The history of pets aboard with Cunard

Pets and animals have always been welcome aboard with Cunard. We examine Cunard’s friendly policy after almost 200 years of the line’s pet-friendly cruising

If you’re looking for a pet-friendly cruise ship, you can’t do much better than Cunard. Britain's flagship cruise line, the Rolls-Royce equivalent of Transatlantic travel, has always extended its luxurious service beyond mere humans.

Of course, this may come as a surprise when you consider Cunard’s decadent ships, no to mention their high-profile clientele and the luxurious nature of the line’s cruise packages. Yet, up until the turn of the 21st century, Cunard included accommodation – such as kennels and a cattery – for our furry friends in each ship's blueprint.

The kennels aboard the line's previous juggernaut, the iconic QE2, became so popular that owners had to book up to three years in advance. The original RMS Queen Mary (once robbed by Frank Sinatra) often acted akin to Noah's Ark, accommodating all manner of creatures from the Animal Kingdom.

From hippos to hip-and-trendy Hollywood fashion statements of handbag size, there's always been a representative of mankind's affection for our furry/scaly friends. It's not something that slowly developed over time, either. It's been like this for almost two centuries.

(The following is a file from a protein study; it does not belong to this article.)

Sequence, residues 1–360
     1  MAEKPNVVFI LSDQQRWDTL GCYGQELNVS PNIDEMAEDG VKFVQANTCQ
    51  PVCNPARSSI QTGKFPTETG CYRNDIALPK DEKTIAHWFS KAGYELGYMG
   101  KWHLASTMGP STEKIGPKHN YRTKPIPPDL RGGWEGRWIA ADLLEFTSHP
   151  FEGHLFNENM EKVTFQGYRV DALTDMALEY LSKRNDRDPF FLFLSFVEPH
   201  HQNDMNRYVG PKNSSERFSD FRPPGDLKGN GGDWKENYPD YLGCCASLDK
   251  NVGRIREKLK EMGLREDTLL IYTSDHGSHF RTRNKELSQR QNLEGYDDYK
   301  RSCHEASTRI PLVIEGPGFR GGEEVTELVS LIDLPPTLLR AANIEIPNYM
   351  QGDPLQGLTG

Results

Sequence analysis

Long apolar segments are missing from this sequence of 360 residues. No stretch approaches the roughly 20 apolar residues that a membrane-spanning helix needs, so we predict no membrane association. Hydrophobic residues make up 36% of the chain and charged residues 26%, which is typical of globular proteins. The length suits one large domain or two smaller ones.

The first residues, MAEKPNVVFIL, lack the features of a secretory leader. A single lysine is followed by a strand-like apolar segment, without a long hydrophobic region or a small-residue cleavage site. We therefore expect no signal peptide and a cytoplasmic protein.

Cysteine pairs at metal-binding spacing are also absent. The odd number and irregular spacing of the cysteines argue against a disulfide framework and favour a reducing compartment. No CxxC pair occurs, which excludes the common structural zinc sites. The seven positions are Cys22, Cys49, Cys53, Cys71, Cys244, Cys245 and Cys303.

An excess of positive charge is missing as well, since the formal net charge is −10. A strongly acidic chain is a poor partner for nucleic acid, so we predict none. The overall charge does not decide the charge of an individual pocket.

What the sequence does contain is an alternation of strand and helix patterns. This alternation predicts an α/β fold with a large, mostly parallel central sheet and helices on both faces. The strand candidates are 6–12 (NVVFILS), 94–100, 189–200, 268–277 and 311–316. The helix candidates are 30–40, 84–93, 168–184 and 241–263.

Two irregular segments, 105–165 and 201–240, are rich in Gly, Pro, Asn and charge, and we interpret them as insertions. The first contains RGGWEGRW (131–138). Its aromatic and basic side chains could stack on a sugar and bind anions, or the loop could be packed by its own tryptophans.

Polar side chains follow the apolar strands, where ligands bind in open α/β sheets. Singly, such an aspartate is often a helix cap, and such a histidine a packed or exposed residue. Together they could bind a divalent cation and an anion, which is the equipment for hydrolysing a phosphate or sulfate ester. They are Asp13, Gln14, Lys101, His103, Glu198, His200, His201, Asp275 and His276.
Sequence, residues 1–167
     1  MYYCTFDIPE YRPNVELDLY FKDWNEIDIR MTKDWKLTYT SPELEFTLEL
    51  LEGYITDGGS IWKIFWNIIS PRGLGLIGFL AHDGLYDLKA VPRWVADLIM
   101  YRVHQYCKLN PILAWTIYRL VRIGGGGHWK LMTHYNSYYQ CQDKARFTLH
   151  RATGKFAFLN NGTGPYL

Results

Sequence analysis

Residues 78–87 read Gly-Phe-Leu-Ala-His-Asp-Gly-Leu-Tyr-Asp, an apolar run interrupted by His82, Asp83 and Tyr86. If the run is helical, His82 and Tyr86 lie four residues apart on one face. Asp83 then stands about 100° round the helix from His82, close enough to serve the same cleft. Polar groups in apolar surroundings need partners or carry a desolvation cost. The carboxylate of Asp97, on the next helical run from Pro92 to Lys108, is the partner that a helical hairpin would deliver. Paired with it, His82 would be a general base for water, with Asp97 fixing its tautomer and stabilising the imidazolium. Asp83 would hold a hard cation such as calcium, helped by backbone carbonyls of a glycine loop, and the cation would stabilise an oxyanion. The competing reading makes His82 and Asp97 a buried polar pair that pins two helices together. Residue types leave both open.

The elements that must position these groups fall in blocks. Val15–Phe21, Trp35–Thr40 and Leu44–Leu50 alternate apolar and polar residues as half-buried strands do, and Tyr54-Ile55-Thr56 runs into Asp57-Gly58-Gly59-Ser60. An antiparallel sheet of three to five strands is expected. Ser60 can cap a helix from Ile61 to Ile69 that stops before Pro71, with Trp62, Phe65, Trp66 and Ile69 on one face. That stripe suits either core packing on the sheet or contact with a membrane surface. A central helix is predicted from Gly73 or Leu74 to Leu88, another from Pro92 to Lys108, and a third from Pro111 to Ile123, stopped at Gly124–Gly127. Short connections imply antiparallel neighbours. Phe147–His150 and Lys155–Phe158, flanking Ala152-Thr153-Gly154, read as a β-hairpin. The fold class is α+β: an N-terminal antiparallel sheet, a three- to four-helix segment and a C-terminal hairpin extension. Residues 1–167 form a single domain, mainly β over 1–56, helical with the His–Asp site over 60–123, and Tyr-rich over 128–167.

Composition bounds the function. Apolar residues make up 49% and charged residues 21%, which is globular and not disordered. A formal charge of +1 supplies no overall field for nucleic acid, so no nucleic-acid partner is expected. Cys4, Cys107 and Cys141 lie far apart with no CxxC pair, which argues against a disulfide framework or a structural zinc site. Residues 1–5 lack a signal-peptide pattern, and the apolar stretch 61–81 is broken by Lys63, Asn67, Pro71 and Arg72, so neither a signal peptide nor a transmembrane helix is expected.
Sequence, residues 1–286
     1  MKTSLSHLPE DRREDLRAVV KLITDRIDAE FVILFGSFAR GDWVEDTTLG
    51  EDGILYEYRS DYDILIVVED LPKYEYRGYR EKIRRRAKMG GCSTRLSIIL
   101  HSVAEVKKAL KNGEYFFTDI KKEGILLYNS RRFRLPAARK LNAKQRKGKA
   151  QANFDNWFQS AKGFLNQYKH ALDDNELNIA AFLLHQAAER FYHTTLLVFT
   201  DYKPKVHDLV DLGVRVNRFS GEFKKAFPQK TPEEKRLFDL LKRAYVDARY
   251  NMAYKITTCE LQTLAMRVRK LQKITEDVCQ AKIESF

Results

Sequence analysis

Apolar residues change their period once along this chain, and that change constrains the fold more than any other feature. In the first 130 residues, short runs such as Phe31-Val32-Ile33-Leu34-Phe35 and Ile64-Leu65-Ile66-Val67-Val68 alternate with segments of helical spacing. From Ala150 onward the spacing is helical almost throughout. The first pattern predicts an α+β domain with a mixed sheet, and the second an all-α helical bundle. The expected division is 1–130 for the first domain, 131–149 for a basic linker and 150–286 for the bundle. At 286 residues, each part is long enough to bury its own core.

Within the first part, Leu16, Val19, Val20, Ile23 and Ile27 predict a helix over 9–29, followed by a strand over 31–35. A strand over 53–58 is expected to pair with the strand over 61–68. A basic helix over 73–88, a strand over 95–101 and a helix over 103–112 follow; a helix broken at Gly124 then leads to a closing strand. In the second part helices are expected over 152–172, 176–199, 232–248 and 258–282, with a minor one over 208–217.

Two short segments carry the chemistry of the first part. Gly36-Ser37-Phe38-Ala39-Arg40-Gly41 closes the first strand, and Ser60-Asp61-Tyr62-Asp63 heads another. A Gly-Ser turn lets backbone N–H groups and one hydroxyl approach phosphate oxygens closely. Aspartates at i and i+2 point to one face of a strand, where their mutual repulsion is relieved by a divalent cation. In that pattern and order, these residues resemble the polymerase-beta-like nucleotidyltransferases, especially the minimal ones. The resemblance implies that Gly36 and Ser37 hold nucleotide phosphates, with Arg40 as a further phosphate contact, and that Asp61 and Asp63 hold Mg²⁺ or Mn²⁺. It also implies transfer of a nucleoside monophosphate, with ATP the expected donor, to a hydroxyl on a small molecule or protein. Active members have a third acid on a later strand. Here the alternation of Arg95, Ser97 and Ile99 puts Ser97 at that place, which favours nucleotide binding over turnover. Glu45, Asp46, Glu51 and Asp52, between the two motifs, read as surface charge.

Animals sailing aboard Cunard voyages boast a long heritage that stretches back to the company's infancy. The first documented four-legged passengers can be found in paperwork from 1840 and the line’s first scheduled transatlantic service, RMS Britannia.

Cunard's RMS Britannia of 1840 had an onboard cat to help thwart mail-hungry rats. Credit: Wikicommons/Cunard

Felines earning their passage on RMS Britannia – protecting Cunard’s Royal Mail

Within the decks of Britannia roamed three cats. Passengers were forbidden to feed the cats, fearing that this would distract the resident felines from their duty of protecting the onboard mail from rats.

After all, there wasn’t much point promoting the shipping line’s mission goal of delivering the Royal Mail if it happened to be in tatters upon arrival.

Because rats liked to chew, shred and devour the Atlantic mail, Britannia’s three cats were granted free reign of the ship, able to help themselves to all the vermin they could find.

In addition to the cats hunting keenly to earn their passage, Britannia also carried chickens and a cow aboard. The chickens supplied fresh eggs while the cow provided milk that was reserved specifically for the use of women, children and invalids.